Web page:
Mentoring new teachers has taken on a new urgency, as the nature of education is different than anything they may have been prepared for. Under normal circumstances, a mentor could walk the hallways of a school and gain a superficial understanding of which classrooms were in dire need of some intervention. In virtual instruction, walking the hallway is a little different, but let’s not allow ourselves to think it’s more difficult. In reality, it is easier for a mentor to slip into a classroom and check in on a new teacher than it has ever been. Mentors can slip into a classroom without the door closing and every student looking up briefly or wondering aloud “Who is that, Miss?” Now is a great time to revise mentoring protocols and ensure that mentors and mentees have each other invited to all of each other’s class times, actually plan a set number of visitations each month, and make appointments to discuss what was seen and other issues that exist or can be forecasted. The virtual world is an obstacle that can be turned into an opportunity for the mentoring relationship. Take advantage and use it for all it’s worth — there is no better professional development than having a learned colleague giving you feedback on your instructional practices.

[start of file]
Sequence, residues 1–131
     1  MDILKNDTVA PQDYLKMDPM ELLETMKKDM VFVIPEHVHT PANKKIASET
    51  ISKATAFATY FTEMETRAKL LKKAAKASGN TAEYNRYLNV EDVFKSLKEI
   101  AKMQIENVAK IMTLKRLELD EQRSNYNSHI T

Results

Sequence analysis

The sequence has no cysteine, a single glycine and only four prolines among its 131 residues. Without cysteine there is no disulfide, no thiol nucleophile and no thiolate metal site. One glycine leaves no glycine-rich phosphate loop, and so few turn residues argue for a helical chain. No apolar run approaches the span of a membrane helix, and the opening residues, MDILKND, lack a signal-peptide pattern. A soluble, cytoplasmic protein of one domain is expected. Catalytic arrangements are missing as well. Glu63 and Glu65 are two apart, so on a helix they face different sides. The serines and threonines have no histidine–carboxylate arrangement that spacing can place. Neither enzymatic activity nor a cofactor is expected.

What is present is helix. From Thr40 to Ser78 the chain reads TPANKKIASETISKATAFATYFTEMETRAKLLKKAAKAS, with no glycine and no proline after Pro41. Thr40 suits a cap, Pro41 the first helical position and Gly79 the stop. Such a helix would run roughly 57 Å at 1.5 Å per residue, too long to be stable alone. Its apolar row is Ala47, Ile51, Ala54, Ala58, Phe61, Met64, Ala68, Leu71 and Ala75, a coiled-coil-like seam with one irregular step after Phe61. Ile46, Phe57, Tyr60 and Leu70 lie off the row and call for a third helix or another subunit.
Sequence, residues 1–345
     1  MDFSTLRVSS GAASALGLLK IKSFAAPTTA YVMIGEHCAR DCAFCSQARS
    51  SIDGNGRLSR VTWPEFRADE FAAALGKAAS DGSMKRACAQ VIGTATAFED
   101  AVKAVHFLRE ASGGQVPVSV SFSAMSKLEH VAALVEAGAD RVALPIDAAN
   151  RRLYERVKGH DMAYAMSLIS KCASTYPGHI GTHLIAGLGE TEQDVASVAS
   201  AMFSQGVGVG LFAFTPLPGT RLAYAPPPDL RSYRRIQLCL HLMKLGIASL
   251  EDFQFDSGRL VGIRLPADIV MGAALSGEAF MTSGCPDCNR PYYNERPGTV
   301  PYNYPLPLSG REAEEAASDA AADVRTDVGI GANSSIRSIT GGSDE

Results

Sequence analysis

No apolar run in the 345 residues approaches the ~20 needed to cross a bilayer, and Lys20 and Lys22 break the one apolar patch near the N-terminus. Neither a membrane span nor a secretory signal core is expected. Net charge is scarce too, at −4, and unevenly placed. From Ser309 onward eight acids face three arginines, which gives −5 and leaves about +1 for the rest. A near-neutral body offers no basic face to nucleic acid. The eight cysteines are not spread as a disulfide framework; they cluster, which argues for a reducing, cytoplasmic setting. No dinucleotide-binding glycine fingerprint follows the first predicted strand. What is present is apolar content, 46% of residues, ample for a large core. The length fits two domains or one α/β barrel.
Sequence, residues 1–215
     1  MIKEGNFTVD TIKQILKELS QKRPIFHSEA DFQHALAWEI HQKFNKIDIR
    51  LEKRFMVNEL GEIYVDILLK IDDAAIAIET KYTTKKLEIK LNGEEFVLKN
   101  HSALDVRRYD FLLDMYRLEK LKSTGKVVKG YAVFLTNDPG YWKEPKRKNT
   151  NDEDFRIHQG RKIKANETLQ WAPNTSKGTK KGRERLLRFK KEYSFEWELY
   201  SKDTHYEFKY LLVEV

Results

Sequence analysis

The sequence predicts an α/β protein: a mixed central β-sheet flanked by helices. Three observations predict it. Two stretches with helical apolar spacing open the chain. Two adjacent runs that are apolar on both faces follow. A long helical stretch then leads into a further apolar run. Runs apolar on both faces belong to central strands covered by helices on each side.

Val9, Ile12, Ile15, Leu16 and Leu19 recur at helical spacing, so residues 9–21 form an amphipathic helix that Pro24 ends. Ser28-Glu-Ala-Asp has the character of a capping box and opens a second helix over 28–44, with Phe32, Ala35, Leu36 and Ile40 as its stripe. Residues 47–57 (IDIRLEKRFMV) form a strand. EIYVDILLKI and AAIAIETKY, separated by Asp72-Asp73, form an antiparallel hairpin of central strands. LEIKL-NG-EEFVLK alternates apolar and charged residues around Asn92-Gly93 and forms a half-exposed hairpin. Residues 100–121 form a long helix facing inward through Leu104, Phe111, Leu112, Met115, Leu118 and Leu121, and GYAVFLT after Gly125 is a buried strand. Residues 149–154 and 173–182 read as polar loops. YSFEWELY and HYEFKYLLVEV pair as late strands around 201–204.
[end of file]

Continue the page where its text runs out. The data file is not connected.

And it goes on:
Change is the law of life. And those who look only to the past or present are certain to miss the future.
— John F. Kennedy